I'm getting too old for stories. Novels, movies: the whole lot. The trouble with stories is that they have endings, and that these endings have to be satisfying, or otherwise they wouldn't be stories.
Really, like most things, this is Aristotle's fault. He invented this thing called "catharsis", or probably took credit for someone else inventing it, and told us that in order to be real drama it has to give us some sort of satisfaction, a release of our collective suffering, a sense that the outcome fits the events that led to it.
For stories, this works well enough, I guess. It keeps writers from getting lazy and just ending novels whenever they want, unless they're Neal Stephenson. But it also means that Toy Story 3 was never going to end with all the toys getting incinerated in the furnace. It lets us relax. It's a difficult trick to conjure a surprise ending in a story that feels satisfying, which is why it's actually a little impressive that M. Night Shyamalan pulled it off even once.
Most of the time, stories end exactly the way they're supposed to. You can see them coming. They don't really challenge you, don't really make you work. They give you your catharsis, nice and easy, and then you go play Candy Crush. That's it.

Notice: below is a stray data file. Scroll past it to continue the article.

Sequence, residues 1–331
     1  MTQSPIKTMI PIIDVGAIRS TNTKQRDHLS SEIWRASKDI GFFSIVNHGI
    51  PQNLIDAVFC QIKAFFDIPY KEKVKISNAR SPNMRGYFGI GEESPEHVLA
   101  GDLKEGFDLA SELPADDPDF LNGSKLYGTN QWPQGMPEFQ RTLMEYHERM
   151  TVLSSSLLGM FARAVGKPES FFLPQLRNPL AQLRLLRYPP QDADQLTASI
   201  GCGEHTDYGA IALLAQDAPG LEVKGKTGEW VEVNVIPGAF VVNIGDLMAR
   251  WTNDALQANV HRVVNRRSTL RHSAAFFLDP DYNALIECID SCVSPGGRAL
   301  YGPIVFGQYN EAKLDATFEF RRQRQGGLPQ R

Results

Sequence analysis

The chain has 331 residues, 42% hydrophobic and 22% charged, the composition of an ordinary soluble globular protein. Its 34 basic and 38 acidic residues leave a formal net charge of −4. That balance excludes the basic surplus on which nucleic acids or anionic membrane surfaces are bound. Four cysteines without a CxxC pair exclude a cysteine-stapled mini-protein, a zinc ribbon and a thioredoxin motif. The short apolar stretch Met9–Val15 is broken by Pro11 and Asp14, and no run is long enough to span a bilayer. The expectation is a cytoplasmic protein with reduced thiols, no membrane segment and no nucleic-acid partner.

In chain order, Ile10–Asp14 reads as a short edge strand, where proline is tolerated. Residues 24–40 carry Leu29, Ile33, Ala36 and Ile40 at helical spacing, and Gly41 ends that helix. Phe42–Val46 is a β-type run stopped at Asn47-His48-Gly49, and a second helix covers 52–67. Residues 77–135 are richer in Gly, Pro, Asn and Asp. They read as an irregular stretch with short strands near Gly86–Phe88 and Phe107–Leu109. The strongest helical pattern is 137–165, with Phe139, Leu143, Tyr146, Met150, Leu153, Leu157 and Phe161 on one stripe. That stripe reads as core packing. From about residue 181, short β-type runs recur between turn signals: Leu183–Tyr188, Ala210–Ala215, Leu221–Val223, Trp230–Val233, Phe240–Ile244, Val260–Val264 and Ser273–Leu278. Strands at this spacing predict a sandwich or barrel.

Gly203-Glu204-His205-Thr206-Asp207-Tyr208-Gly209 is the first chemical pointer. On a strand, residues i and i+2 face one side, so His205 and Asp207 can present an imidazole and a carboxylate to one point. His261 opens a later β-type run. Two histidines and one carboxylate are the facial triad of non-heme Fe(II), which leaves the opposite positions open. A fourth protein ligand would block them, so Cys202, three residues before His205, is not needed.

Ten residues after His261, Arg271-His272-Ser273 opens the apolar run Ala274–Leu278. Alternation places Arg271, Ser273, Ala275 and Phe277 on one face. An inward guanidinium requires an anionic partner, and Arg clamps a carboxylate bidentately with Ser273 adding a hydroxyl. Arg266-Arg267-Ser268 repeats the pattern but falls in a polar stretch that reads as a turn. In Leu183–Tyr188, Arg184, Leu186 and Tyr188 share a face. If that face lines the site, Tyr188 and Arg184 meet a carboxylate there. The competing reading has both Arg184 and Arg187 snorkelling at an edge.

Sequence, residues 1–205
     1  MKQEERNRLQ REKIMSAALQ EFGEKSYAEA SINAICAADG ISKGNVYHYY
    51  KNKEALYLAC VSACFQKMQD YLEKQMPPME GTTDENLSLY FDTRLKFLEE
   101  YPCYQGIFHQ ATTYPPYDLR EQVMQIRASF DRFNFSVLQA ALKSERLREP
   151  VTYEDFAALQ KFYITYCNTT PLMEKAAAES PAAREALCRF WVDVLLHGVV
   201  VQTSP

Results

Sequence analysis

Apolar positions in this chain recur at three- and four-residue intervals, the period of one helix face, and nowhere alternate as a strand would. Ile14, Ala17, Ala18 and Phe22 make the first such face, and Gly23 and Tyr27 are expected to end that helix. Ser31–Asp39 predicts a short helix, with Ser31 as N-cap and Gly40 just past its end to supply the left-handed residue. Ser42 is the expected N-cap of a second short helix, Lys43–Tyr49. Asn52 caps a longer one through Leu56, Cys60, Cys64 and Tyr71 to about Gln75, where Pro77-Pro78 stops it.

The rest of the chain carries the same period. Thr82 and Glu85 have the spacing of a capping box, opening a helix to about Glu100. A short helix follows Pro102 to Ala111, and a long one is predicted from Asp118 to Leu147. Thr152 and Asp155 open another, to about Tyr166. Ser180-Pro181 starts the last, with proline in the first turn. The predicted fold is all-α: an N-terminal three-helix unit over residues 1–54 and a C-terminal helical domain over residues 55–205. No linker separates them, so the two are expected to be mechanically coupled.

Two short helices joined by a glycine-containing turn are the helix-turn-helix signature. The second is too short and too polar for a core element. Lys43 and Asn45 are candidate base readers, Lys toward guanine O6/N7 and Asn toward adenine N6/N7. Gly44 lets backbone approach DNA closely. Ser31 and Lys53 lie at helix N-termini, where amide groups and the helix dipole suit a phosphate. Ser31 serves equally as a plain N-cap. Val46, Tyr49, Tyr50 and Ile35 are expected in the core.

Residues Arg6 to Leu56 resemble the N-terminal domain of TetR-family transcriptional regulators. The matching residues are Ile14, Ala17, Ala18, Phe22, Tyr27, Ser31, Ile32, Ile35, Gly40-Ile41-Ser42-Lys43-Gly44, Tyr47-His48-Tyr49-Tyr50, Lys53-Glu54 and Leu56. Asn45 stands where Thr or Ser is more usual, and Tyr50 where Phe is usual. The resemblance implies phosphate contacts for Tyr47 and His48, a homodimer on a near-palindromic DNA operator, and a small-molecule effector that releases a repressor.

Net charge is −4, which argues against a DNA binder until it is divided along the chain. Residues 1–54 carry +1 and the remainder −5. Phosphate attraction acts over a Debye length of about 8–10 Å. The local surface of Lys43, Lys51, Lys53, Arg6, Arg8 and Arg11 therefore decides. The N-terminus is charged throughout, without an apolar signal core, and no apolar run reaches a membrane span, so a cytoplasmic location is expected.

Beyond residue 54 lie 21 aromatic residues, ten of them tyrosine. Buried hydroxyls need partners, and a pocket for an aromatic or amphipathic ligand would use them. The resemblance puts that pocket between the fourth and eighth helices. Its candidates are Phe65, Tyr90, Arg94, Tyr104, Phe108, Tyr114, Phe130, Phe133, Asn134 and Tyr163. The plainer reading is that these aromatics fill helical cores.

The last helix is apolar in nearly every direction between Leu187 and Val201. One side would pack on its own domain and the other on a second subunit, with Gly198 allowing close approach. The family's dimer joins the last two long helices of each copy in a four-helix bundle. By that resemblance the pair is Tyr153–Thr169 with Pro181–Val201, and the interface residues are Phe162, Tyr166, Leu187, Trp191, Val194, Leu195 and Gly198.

Sports don't do this. Sports don't hold back. You have a guy like Chris Young, the baseball equivalent of the BFG, whose regression is bearing down on him like a wolf in one of Grimm's fairy tales. But it doesn't, because baseball doesn't have to make sense. Instead Chris Young's ERA dropped from 3.11 to 3.08. He pitched an absolute gem of a game, marred by a single home run that he himself would have caught at the wall, and he lost.
There is no one to blame for this, no matter how much we want to. Not Dustin Ackley's stupid beard, not Corey Hart's similarity to your disappointed father, not even George Argyros. WPA is a comfort, but a false one. We don't get clues, we don't get Chekhov's gun. Catharsis teaches us that if something has an ending, it was a natural ending. That everything happens for a reason. Life isn't that easy.
The Mariners sent 33 batters up against Phil Hughes and friends. They got eight hits and scored zero runs. The Twins had 34 batters, got eight hits and scored two runs. That's your recap. None of it meant anything, none of it changed anything, more than incrementally. There are no epiphanies; games are arbitrary endpoints. The fact that the game ended after nine innings with a score of 2-0 and not after sixteen innings with a score of 4-2 is due to an arbitrary construction.
But this game isn't an ending, even if it had an ending. It's the 90th inning of a 162-inning game, which is itself a middle inning of an even longer game. And that game only ends because one of the grumpy ushers kicks you out of the stadium.
The Mariners are 49-41. After two and a half hours, they might still win it all. Who knows.